During the Middle Ages, many people saw the Beatitudes as “Counsels of Perfection”. That is, they were things that applied to a spiritual elite made up of priests, monks, and nuns, but not to ordinary folks. Monks and nuns took extraordinary vows of poverty and obedience, so these things about blessings of the poor, the meek, the hungry, the merciful were about folks seeking perfection, but for other people, keeping the Ten Commandments and loving God and our neighbour is enough.

This approach recognises the real challenge these sayings put upon believers, but it limits the full force of them by saying that, in this life, they are only for a spiritual elite.

During the Reformation, Martin Luther took issue with the whole notion of a spiritual elite. The idea that there were higher and lower levels of Christians was repugnant to him. Luther famously proclaimed the priesthood of all believers, that is, that we are all on the same level—no higher, no lower—all called to share in the priestly ministries of the Church. So, Luther saw the beatitudes as applying to all Christians, not just to the few.

But Luther also had a pretty interesting take on the Beatitudes. He saw them as commands of God. And for Luther, while commandments were things that were given by God, and, therefore holy and binding on all people, Luther also felt that human beings, given our fallen nature, can never really fulfill the commandments. Rather, what the commandments do for Luther is point out very clearly that there is no way that human beings will ever be able to earn their salvation by perfectly following God’s will. The upshot is that what the commandments end up doing is pointing out our need for the forgiveness and mercy of God and drive us into the arms of Christ. This approach sees the Beatitudes as so challenging that we will never be able to fulfill them on our own. We need to turn to the grace and mercy offered in Christ if we are ever to be made right with God.

Most New Testament scholars these days don’t find these approaches helpful. Rather, they see the Beatitudes—and indeed the whole Sermon on the Mount—as something that Jesus saw as applying to all his disciples, not just an elite few, and he probably thought that they were, in fact, doable. Certainly not easy, after all, he says, blessed are you when people revile you and persecute you and utter all kinds of evil against you falsely on my account. Still, most scholars think that he probably meant for his followers to live this way. That’s probably why they stress that these were things that need to be lived out in the context of Christian community. These are not things for spiritual superheroes, but for communities to live out.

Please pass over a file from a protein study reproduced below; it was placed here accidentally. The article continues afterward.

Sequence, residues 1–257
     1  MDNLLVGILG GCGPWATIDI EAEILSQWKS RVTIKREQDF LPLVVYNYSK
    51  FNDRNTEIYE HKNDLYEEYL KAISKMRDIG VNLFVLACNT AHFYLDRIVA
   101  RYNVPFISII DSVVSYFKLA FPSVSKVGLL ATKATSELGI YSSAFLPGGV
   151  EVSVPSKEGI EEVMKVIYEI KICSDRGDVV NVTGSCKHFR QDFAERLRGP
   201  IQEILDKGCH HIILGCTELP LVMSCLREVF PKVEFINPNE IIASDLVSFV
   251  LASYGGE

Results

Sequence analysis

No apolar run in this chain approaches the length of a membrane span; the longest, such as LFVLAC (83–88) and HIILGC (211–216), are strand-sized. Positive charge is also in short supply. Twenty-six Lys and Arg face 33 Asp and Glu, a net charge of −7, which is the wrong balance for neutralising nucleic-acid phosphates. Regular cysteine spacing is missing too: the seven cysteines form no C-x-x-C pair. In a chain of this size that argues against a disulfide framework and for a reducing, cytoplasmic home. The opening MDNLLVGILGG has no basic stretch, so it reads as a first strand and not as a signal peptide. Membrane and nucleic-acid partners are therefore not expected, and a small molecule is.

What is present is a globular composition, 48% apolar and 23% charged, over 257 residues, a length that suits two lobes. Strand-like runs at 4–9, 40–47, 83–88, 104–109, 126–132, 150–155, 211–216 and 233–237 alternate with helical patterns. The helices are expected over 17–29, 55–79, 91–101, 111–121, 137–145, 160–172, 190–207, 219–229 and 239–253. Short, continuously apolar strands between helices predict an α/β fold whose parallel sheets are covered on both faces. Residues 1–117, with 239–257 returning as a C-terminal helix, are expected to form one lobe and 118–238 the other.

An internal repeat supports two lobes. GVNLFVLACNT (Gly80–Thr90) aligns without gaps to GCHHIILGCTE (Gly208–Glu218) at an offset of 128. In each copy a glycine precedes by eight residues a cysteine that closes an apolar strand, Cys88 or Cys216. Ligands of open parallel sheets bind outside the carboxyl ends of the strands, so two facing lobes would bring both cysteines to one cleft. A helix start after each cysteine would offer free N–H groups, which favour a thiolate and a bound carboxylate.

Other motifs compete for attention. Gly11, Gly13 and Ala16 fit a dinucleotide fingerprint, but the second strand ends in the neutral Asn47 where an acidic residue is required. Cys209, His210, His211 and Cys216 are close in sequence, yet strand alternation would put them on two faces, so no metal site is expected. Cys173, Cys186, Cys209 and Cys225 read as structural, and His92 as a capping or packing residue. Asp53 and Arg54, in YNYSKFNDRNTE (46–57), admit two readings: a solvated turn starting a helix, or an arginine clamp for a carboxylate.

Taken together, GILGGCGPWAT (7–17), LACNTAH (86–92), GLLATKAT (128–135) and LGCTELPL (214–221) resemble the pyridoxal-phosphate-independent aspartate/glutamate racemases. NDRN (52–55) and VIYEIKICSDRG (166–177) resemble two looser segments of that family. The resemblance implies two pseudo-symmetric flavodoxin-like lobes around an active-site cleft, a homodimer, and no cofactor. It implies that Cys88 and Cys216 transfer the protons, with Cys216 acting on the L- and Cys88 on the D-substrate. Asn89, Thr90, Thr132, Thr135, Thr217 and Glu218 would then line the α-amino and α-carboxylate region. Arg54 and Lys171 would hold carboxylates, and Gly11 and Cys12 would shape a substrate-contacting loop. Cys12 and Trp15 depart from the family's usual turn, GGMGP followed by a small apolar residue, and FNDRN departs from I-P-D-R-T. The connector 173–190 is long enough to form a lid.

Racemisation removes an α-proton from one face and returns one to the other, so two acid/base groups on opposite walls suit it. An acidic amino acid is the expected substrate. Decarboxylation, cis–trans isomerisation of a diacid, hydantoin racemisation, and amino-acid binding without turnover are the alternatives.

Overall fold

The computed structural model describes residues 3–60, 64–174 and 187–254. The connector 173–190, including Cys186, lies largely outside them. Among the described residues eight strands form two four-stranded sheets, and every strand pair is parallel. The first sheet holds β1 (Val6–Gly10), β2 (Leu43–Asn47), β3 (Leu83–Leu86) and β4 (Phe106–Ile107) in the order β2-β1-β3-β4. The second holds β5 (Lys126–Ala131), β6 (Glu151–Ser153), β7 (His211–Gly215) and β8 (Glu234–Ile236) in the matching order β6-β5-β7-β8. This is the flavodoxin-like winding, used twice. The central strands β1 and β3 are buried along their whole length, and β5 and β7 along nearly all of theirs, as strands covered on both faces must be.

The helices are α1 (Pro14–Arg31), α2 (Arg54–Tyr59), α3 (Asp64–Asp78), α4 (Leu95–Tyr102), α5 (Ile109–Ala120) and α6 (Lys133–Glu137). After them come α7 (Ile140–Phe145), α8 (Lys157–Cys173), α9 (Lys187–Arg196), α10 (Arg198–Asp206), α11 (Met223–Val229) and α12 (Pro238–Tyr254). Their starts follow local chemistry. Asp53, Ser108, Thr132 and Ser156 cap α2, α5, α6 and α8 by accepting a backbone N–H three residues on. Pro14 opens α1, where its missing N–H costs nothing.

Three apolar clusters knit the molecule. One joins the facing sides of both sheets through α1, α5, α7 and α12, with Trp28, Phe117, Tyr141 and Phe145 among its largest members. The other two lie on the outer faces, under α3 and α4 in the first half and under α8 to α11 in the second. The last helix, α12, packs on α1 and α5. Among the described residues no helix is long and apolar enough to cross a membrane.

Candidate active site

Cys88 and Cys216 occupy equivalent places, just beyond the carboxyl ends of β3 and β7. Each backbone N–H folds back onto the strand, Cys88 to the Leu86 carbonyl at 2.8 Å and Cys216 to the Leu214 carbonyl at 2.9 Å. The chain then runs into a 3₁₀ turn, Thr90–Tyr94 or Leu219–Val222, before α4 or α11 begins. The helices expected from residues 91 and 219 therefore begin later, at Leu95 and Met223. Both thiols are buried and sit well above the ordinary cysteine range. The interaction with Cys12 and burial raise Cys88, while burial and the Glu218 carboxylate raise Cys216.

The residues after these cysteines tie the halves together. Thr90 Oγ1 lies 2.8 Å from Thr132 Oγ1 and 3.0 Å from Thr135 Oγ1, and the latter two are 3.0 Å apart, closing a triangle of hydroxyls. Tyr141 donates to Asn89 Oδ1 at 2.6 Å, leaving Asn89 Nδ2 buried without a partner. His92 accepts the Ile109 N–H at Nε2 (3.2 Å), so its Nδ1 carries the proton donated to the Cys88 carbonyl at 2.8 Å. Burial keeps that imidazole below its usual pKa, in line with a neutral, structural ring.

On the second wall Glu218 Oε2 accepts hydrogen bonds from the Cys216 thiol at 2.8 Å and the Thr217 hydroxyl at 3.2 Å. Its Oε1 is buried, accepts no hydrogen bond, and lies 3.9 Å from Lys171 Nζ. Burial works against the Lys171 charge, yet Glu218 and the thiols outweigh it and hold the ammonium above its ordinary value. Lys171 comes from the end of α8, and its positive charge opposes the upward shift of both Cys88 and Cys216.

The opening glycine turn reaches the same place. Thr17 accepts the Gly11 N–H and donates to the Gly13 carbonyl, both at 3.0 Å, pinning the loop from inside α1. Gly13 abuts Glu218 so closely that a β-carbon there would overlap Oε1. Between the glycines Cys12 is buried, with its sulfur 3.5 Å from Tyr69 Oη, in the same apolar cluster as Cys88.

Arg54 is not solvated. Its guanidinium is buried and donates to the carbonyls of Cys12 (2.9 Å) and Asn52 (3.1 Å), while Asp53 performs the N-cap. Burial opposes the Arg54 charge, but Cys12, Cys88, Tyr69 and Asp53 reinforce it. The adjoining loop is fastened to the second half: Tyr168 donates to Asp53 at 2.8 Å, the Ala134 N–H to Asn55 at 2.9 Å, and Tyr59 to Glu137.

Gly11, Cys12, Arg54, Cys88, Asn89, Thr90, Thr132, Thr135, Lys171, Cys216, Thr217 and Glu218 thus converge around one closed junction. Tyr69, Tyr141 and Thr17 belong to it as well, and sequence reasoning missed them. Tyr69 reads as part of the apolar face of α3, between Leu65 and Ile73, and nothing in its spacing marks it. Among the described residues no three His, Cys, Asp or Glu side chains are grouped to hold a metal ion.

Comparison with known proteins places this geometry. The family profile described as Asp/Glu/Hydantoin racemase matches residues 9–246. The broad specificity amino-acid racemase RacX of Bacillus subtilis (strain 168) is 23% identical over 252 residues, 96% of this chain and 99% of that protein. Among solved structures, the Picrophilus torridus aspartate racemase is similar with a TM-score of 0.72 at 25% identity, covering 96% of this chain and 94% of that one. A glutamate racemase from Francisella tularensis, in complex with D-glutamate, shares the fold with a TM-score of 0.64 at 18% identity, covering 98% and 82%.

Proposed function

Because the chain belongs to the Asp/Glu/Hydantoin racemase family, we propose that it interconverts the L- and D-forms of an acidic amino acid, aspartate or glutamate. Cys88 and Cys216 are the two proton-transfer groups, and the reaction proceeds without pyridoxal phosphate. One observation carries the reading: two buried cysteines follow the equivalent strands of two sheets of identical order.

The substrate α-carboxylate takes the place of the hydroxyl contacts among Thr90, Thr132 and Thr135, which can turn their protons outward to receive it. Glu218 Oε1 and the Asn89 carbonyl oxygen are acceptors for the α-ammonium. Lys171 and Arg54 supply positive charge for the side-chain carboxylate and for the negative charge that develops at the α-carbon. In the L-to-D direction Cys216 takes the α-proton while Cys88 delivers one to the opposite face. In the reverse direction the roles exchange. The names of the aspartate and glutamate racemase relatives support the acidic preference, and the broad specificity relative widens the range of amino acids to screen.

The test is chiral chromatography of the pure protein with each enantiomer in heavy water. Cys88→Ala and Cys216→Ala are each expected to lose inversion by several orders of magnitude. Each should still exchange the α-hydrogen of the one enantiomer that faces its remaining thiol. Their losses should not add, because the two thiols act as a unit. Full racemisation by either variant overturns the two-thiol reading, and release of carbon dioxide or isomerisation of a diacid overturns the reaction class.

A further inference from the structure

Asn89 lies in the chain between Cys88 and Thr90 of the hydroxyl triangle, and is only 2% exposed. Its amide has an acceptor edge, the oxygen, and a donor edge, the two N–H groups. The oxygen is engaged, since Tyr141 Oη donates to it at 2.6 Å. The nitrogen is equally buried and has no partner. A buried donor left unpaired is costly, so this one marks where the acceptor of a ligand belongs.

And that’s probably also why Jesus stressed the need and reality of forgiveness and reconciliation in our communities. These things are going to take practice.

So, one of the reasons why we have this Gospel lesson on All Saints’ Day is because they are practices for all the saints. And by all the saints, we mean everybody who has been baptised into the life, death, and resurrection of Jesus Christ. They are practices for all of us ordinary saints of God.

Today, I want to focus on just one beatitude and explore how we might try to live that out in our ordinary lives. We will have other All Saints’ Days to deal with other beatitudes. So, let’s focus on, “Blessed are the peacemakers for they will be called children of God.” Most of us probably will not be Nobel Peace Prize winners. But that doesn’t mean we are not called in our own ways to be peacemakers. How may we go about this in our lives? Paul Wadell gives us some practical guidance on how we all can be peacemakers. He reminds us that in Ephesians, Paul speaks of Christ and his cross breaking down the walls that divide us, removing all the barriers that keep us apart, and overcoming the hostilities that so often leave us living more in enmity with one another than in peace.

Wadell says, “There is no shortage of barriers that need to be dismantled if God’s dream of peace is to become a reality. We create barriers through our attitudes toward others. We create barriers when we freeze people out or simply ignore them. We create barriers when we refuse to talk to certain people. We create barriers when we refuse to deal with problems that weaken relationships. We create barriers when we refuse to give ourselves to others. We create barriers when we hold on to grudges and refuse to forgive. We create barriers when we nurture cynicism, bitterness, and resentment instead of seeking peace.”

In Ephesians, Paul tells us to get rid of all bitterness, all passion and anger, harsh words, slander, and malice of every kind. Paul says leave all that behind, get away from it, and refuse to be ruled by it, because all those things put walls and barriers between ourselves and others. Instead, Paul says be kind to one another, compassionate, and mutually forgiving, just as God has forgiven you in Christ. These are the practices of peace. We nurture peace among ourselves and others when we are people marked by kindness, compassion, healing, reconciliation, and forgiveness.

Jesus said, “Blessed are the peacemakers, for they will be called children of God.”

Happy All Saints’ Day to all you saints of God. The Beatitudes are for you! 

Hymn 448: Blest are the pure in heart

                  (tune – Franconia)